Pennzoil Discusses Switching from Conventional Oil to Synthetic Oil
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Pennzoil Discusses Switching from Conventional Oil to Synthetic Oil

Synthetic oils have been available for almost 30 years and a number of inaccurate myths have developed during this time. Some areas of misunderstanding are clarified below, including manufacturer requirements for using synthetics, how to switch from conventional to synthetic oil and the effects of synthetics on an engine.

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Synthetic oils have been available for almost 30 years and a number of inaccurate myths have developed during this time. Some areas of misunderstanding are clarified below, including manufacturer requirements for using synthetics, how to switch from conventional to synthetic oil and the effects of synthetics on an engine.

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Myth 1: Synthetic oils are too thin to stay in the engine.
This is not true. In order for a lubricant to be classified in any SAE grade (10W-30, 10W-40, etc.), it has to meet the viscosity guidelines, or thickness, specified by the vehicle manufacturer.

Myth 2: Synthetic oils will void manufacturers’ warranties.
Synthetic oils will not void manufacturer warranties. They are formulated with the requirements of the auto manufacturers in mind, and so if they’re used in accordance with the owner’s manual, synthetic oils will not void any of the warranties. The only exception is that full synthetic oils should not be used in Mazda rotary engines, which have unique and specific lubrication requirements. Always check the vehicle owner’s manual.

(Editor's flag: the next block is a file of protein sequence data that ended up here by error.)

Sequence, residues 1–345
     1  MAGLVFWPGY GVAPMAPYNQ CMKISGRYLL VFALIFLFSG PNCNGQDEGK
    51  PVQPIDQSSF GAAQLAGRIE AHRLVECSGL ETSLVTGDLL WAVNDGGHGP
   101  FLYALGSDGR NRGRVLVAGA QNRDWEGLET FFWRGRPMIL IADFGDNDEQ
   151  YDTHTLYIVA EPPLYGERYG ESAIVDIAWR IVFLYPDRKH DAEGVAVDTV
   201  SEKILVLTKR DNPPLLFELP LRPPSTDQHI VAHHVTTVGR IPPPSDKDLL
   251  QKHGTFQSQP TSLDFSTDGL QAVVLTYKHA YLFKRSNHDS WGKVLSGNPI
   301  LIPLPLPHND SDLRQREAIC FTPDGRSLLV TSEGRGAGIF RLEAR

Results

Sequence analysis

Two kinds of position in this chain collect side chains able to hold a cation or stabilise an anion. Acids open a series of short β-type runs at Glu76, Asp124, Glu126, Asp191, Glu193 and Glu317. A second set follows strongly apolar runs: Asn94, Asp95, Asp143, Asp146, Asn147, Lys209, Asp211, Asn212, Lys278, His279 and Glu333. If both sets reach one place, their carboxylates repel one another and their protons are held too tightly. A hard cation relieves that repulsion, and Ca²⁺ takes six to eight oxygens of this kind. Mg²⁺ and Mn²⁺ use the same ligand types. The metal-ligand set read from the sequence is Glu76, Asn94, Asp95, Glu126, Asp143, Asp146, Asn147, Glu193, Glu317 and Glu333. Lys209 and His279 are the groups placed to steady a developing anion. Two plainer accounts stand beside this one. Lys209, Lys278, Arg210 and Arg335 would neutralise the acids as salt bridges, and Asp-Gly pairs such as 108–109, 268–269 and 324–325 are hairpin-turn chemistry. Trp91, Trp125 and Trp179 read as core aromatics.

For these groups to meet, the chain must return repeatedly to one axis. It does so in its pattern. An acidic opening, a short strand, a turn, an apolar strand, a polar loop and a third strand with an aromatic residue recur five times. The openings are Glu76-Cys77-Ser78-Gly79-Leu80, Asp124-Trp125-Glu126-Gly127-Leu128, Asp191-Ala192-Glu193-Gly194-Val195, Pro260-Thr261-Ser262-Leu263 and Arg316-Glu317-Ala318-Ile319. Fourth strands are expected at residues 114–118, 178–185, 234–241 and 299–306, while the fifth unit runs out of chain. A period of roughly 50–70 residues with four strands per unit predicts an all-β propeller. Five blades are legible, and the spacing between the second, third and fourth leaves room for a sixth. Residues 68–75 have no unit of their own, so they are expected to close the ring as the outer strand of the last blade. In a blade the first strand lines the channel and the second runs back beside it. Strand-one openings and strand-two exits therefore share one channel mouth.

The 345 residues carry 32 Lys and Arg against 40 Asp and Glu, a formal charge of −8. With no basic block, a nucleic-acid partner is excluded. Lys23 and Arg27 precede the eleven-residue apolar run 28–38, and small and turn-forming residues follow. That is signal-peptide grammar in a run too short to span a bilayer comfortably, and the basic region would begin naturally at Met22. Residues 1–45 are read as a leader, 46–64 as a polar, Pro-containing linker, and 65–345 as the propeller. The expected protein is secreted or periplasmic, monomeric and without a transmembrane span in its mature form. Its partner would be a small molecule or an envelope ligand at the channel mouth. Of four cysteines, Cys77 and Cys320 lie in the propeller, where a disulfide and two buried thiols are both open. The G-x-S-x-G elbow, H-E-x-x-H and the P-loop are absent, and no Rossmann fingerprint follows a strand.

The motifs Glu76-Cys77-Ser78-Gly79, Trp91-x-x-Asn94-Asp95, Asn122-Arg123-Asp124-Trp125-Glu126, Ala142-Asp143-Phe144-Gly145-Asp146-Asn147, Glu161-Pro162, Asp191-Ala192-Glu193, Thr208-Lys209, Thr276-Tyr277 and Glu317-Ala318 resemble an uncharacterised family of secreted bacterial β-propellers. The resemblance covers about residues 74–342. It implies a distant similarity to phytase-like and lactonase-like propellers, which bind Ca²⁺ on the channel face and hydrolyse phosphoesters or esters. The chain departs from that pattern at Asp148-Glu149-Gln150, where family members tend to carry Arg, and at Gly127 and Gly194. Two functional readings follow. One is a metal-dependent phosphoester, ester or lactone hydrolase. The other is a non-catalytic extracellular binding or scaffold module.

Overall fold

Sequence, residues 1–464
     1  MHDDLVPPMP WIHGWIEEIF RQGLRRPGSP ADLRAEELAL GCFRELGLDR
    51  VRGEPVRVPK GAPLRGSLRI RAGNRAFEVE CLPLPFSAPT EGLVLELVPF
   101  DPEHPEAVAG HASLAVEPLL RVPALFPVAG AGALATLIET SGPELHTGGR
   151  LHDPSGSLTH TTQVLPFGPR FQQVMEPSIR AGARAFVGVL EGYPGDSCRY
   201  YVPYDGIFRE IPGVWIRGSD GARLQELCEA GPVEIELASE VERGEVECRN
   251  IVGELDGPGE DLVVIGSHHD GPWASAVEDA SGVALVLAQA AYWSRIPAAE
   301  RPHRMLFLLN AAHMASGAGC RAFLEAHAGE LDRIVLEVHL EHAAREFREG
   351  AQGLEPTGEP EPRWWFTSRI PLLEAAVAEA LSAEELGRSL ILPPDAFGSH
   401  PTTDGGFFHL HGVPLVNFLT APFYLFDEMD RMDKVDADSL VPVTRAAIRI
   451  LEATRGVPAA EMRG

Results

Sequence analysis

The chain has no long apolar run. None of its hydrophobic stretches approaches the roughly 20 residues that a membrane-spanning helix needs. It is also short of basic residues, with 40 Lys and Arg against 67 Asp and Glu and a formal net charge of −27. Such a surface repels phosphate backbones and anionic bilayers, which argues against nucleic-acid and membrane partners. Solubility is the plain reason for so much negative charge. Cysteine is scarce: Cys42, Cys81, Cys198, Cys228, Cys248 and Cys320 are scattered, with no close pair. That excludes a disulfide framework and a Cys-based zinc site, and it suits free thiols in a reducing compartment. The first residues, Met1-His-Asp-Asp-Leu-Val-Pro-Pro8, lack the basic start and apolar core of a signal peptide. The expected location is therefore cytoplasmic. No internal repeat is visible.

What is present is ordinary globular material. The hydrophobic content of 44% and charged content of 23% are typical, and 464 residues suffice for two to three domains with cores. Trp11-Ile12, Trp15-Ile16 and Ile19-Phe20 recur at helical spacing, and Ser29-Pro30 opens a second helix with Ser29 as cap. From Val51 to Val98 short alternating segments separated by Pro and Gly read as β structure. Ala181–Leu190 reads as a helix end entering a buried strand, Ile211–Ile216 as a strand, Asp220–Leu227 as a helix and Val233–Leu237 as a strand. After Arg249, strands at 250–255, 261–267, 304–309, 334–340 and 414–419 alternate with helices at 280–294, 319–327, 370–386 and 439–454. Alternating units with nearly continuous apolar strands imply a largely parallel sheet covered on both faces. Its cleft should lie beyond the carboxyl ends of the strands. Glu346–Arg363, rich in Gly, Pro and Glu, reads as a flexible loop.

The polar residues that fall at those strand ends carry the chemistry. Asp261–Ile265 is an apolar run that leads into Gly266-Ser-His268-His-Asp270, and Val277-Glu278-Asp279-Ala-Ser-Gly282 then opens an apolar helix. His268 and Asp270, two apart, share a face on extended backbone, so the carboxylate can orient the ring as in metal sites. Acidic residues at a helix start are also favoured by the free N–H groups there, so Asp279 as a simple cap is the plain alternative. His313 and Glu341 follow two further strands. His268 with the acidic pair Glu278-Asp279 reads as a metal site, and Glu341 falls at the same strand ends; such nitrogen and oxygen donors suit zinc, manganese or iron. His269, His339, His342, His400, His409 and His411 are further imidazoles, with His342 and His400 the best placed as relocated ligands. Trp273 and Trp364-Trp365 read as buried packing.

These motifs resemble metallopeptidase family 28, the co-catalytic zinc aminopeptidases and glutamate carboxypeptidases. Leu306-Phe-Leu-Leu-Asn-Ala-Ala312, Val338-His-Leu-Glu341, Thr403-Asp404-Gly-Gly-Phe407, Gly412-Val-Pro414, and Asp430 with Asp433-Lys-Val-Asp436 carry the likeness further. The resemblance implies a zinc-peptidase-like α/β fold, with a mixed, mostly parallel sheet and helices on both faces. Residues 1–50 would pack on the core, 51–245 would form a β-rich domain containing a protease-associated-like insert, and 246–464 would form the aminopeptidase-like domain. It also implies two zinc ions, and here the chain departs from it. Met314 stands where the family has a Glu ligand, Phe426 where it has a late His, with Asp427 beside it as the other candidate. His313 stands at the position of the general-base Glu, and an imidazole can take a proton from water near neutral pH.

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Myth 3: You can’t switch between conventional oil and synthetic oil.
Switching between synthetic and conventional oil will not cause any harm to engines. Synthetic oils and conventional oils are formulated to help protect your emission system, including oxygen sensors and catalytic converters.

Myth 4: Synthetic oil will make seals leak.
If an older engine’s seals do not leak with conventional oil, they will not leak after switching to synthetic oil. Synthetic oils do not damage engine seals in an engine of any age.

Myth 5: Synthetic oil cannot be used to “break in” a rebuilt engine.
In a rebuilt engine, a certain amount of controlled wear can be expected to occur to allow piston rings to “seat” and the engine to “break in.”

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Synthetic oil may be used for the “break-in” period and throughout the life of the engine.

Synthetic base oils combined with a strong additive package allow synthetic oils to perform better than conventional motor oils under virtually all conditions.

Courtesy of Pennzoil.

For additional information on products offered by Pennzoil, visit www.pennzoil.com.

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